For Random Profiles, we randomly pick one of our 80,000-plus attorneys, call them, and do a Q&A. We’ve found that every Texas lawyer has an interesting story. Will yours be next?

Best thing about being a lawyer: Helping people.

Mentors/heroes: Family, the people who have the same drawbacks/obstacles that I face and find a way to perservere. The connection is close enough to see that I can make it as well.

If you could be anyone else for a day, who would it be? Why would I want to be anyone other than me? It has taken me 28 years to learn how to be good at being me; I think I may have it down by the time I’m 75. Until then, I need the practice being myself.

Born: November 6, 1981

Family/personal: I am single. My family is from New York/New Jersey. They all currently live in New Jersey, except for me. My mom is a semi-retired school secretary, and my dad is a semi-retired jack of all trades. I am very close to my sister, even though she is fourteen years my senior. I have three nieces, Taylor, Haley, and Lindsey, who keep me young.

Areas of practice: Immigration

Education: Rutgers, 2003; University of Houston Law Center, 2006

Culinary talent: Scrambled eggs – that’s about it.

What kind of car do you drive? Beat-up pickup truck. I have gone through four cars since I was sixteen. All of them eventually died on me because I would drive them into the ground. My dad gave me this truck (used) in 2004 because he thought I ought to have a pickup truck if I were in Texas. I drove the truck down from New Jersey, have used it to move countless times, and have used it to move many friends. At least a few times, the car has held all my worldly possessions. It keeps me grounded to say the least.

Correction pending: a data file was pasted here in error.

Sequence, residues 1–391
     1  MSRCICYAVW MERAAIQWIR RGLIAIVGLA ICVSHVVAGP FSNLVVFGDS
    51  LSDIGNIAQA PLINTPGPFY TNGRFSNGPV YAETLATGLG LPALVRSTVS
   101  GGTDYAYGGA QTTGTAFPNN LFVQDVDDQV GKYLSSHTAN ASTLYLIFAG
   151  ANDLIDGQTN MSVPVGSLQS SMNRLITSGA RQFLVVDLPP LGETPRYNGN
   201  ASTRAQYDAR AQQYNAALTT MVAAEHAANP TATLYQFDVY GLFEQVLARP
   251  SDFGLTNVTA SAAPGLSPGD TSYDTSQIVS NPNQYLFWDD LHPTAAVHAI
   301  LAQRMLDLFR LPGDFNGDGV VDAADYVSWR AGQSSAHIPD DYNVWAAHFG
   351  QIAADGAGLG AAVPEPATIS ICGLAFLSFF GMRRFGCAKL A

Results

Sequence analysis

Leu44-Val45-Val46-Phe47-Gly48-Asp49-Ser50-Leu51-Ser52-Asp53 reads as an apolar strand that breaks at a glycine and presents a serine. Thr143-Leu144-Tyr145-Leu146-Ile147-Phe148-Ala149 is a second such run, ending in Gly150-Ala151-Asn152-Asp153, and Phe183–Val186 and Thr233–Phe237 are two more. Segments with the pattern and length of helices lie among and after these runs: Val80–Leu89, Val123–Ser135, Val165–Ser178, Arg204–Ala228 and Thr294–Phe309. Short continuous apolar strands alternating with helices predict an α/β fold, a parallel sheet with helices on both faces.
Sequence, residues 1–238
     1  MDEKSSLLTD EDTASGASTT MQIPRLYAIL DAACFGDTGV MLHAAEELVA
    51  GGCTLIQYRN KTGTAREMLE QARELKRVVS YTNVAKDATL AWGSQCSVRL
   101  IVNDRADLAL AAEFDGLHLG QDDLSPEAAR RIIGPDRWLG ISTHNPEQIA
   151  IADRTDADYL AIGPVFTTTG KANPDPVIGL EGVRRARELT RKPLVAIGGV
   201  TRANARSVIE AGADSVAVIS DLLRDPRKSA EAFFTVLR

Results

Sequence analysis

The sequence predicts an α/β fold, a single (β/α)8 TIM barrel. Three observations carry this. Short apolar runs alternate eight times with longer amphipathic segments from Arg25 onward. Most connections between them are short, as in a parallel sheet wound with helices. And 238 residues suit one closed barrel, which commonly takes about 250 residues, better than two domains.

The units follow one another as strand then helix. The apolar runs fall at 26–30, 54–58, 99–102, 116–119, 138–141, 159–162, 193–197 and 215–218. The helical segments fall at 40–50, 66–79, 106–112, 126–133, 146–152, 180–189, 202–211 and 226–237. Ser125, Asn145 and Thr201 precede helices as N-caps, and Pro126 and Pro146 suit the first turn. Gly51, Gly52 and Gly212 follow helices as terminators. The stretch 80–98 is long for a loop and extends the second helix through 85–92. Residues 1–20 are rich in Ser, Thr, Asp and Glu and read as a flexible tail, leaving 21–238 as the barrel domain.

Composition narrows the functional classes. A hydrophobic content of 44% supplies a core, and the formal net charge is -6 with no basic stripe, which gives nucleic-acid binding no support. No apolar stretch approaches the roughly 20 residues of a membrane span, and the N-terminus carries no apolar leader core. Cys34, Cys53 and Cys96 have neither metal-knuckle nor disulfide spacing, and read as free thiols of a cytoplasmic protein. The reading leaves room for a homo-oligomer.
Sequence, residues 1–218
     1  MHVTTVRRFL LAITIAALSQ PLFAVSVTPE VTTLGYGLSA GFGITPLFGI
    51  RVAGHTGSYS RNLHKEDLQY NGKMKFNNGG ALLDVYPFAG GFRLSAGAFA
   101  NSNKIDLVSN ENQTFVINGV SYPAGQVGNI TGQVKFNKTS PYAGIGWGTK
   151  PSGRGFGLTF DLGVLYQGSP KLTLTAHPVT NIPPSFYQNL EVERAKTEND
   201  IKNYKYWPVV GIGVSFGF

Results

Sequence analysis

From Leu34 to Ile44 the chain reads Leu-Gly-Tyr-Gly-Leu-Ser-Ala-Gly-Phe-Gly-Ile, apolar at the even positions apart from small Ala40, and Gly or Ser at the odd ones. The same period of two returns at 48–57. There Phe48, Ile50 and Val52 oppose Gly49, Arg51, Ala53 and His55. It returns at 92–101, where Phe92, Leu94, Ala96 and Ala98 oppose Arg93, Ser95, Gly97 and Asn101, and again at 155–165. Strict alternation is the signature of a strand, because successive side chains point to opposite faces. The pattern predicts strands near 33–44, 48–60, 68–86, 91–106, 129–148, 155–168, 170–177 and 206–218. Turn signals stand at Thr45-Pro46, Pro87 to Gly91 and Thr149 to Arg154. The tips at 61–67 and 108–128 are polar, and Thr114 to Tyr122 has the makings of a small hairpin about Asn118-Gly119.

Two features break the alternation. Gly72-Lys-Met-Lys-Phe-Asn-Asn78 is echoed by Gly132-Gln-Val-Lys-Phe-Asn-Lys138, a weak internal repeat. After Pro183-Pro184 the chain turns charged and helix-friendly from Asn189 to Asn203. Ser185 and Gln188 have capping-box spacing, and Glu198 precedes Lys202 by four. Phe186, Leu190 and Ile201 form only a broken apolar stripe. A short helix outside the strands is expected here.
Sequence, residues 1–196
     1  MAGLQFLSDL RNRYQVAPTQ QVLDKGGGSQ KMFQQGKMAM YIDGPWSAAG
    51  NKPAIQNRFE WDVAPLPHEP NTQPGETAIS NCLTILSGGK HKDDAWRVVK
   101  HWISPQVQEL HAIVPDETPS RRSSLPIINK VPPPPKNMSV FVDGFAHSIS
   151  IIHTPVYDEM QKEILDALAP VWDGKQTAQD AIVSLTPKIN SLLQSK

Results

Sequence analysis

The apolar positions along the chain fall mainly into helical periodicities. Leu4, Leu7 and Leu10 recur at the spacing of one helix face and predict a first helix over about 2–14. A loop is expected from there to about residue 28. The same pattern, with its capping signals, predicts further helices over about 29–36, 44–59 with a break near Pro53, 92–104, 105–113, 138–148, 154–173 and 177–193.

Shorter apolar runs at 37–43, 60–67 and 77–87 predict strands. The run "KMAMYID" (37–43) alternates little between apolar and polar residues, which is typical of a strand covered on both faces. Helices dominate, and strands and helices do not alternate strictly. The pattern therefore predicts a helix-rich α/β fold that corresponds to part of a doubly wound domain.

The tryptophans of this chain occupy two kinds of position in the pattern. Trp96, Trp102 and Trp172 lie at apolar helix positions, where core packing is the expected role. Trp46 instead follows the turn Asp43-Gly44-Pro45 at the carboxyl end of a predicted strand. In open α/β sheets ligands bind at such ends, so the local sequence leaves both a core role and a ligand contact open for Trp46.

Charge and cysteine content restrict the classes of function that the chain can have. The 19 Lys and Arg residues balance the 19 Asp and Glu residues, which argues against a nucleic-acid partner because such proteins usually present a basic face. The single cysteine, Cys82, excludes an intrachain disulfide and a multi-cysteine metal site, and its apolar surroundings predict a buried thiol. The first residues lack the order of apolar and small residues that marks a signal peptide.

Most important career lesson: You have to want what you got. Take advantage of your God-given gifts. Don’t try to be something that you aren’t. I’m not a genius, so I don’t pretend to be. I always look up everything. I don’t pretend to remember every client’s entire life story. I listen, I take notes, and I study the case. I try to learn new things every day. I think the biggest mistake lawyers make is thinking that they are doing learning in law school. Law school taught us “how to learn.” I think I have earned multiple JD’s for the amount of studying I’ve done since entering practice.

Favorite saying/quote: “To whom much is given, much is expected.”

Secret for staying young: Be happy.

The last movie I saw was: Monsters vs. Aliens in 3-D with my two nieces Taylor and Haley.

Favorite food: Anything in Houston.

Favorite restaurant: Again, anything in Houston is fine by me.

Where to be found on a Saturday night: With friends and family.

Talents (besides law): Jeopardy?

My favorite weekend retreats are: New Jersey/New York. My entire family still lives there as well as all my childhood friends who I now consider family. It is my foundation, and sometimes I just need to visit and recharge. I made a promise to my sister when I left for law school in 2003 that I would be home for my nieces’ birthdays every year. She tricked me by adding another to the bunch in 2006. So I’m back to New Jersey every February, April, and September for Taylor, Lindsey, and Haley.